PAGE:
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About Alfred Wainwright
Alfred ("A.W.") Wainwright MBE (17 January 1907 – 20 January 1991) was a British fellwalker, guidebook author and illustrator.
His seven-volume Pictorial Guide to the Lakeland Fells, published between 1955 and 1966 and consisting entirely of reproductions of his manuscript, has become the standard reference work to 214 of the fells of the English Lake District.
Each of the fells covered by the guides has its own chapter, which normally includes a map of the fell, comprehensive details and 3-dimensional drawings of ascent routes, ridge routes to other fells, routes of descent and a description of the summit.
Carefully annotated pen and ink drawings of ascents and views accompany the details of each fell.
Each book starts with a description of the geography of the area and ends with some personal notes in conclusion.
Pictorial Guides to the Lakeland Fells
Among his 40-odd other books is the first guide to the Coast to Coast Walk, a 192-mile long-distance footpath devised by Wainwright which remains popular today.
Alfred Wainwright was born in Blackburn, Lancashire into a family which was relatively poor, mostly due to his stonemason father's alcoholism.
He did very well at school (first in nearly every subject) although he left at the age of 13. While most of his classmates were obliged to find employment in the local mills, Wainwright started work as an office boy in Blackburn Borough Engineer's Department.
He spent several further years studying at night school, gaining qualifications in accountancy which enabled him to further his career at Blackburn Borough Council.
Even when a child Wainwright walked a great deal, up to 20 miles at a time; he also showed a great interest in drawing and cartography, producing his own maps of England and his local area.
In 1930, at the age of 23, Wainwright saved up enough money for a week's walking holiday in the Lake District with his cousin Eric Beardsall. They arrived in Windermere and climbed the nearby hill Orrest Head, where Wainwright saw his first view of the Lakeland fells.
This moment marked the start of what he would later describe as his love affair with the Lake District.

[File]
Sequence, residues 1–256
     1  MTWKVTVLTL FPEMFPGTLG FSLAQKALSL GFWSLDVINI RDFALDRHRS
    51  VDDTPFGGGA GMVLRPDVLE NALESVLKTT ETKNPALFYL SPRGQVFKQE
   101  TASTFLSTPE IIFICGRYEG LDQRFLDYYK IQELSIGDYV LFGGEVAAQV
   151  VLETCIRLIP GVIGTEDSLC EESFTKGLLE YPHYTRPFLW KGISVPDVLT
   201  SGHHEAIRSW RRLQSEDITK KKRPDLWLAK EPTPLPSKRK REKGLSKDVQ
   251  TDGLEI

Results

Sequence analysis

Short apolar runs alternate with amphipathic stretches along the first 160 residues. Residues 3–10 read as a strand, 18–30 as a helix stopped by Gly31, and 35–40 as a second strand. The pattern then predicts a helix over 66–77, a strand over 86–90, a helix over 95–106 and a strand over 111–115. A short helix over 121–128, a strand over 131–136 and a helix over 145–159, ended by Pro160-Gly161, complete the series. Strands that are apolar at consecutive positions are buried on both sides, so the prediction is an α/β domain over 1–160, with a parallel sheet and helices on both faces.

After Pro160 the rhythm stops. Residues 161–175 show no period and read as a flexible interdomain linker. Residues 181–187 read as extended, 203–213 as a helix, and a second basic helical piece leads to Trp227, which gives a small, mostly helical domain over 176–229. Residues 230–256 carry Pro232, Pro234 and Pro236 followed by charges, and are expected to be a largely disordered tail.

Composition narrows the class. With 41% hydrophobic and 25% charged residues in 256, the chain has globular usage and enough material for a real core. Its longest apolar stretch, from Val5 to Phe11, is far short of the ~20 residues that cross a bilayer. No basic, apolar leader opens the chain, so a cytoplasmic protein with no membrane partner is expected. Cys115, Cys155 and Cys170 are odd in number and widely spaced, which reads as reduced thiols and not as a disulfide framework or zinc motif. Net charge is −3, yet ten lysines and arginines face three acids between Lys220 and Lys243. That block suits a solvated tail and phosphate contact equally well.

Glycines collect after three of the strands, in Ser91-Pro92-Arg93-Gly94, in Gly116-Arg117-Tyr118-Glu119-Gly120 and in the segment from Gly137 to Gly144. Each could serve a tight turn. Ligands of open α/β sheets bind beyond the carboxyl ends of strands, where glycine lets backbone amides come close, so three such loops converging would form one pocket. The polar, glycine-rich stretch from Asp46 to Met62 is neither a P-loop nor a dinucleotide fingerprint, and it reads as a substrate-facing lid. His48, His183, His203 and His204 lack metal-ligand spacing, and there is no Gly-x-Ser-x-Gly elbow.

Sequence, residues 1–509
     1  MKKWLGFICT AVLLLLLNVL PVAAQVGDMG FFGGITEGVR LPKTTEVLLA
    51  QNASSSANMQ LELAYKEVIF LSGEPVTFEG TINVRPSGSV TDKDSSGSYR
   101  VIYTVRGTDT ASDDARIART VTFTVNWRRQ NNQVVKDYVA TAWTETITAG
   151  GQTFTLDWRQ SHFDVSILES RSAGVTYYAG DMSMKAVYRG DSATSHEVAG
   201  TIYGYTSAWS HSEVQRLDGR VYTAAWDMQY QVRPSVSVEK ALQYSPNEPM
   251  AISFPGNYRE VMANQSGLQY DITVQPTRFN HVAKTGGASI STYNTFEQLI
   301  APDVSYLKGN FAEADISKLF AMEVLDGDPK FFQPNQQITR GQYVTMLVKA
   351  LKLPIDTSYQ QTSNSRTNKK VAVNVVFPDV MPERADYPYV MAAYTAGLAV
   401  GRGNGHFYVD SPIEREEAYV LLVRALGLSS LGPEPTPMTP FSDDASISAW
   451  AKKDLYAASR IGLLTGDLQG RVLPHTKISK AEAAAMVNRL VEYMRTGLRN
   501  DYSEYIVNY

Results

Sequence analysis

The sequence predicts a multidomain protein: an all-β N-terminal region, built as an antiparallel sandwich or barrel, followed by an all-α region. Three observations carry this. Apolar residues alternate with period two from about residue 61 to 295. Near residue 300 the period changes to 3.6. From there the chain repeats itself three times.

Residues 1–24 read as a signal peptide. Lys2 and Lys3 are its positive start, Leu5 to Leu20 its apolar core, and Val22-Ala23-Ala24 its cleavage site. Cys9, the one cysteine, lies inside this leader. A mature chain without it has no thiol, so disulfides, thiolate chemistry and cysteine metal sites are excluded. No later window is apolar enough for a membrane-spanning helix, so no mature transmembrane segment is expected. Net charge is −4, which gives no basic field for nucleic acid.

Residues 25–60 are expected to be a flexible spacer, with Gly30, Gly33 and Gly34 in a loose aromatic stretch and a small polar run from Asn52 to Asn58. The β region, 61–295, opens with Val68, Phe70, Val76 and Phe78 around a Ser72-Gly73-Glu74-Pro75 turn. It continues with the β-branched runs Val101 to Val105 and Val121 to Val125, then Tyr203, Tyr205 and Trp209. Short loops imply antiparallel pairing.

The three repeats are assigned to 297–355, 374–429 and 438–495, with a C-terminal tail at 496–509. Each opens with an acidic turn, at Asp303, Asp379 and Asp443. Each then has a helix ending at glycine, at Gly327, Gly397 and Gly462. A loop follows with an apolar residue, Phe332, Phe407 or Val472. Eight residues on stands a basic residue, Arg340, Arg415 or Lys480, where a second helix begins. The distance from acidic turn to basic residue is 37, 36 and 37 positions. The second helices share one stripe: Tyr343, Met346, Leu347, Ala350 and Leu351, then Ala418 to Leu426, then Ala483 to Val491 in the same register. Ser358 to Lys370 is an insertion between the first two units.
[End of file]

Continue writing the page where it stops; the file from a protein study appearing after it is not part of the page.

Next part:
In 1931 he married his first wife, Ruth Holden, a local mill worker, with whom he had a son Peter. In 1941 Wainwright was able to move closer to the fells when he took a job (and with it a pay cut) at the Borough Treasurer's office in Kendal, Westmorland.
He lived and worked in the town for the rest of his life, serving as Borough Treasurer from 1948 until he retired in 1967.
His first marriage ended when Ruth walked out three weeks before he retired. They later divorced.
In 1970 he married Betty McNally (1922-2008), also a divorcee, who became his walking companion and who eventually carried his ashes to Innominate Tarn at the top of Haystacks.
Wainwright was a life-long Blackburn Rovers fan and indeed a founder member of the Blackburn Rovers Supporters Club.
Wainwright started work on the first page of his Pictorial Guide to the Lakeland Fells on 9 November 1952.
He planned the precise scope and content of the seven volumes from the start, and worked conscientiously and meticulously on the series for the next 13 years at an average rate of one page per evening.
According to Wainwright in his autobiography Fellwanderer, he initially planned the series for his own interest rather than with any intention of publication.
When he did come to publish his first book it was privately through a local printer, as he could not face the prospect of finding a publisher; however, his friend Henry Marshall, Chief Librarian of Kendal and Westmorland, took charge of publicity and administration and his name appears as publisher on the early editions.
This arrangement continued for the first editions of the next three books in the series, after which they were taken over by the local newspaper the Westmorland Gazette based in Kendal. Wainwright's books were in turn taken over by Michael Joseph in the 1990s.
When they ceased publication in 2003, the rights were bought by Frances Lincoln.
The Pictorial Guides have now been updated, for the first time since their original publication, to take account of changed conditions on the fells.
The revisions have been made by Chris Jesty, who used an imitation of Wainwright's hand lettering to make the alterations look as unobtrusive as possible.
The most notable changes are that the covers of the revised books show photographs of the Lake District by Derry Brabbs, rather than the drawings that were on the covers of the originals, and the maps show the paths in red.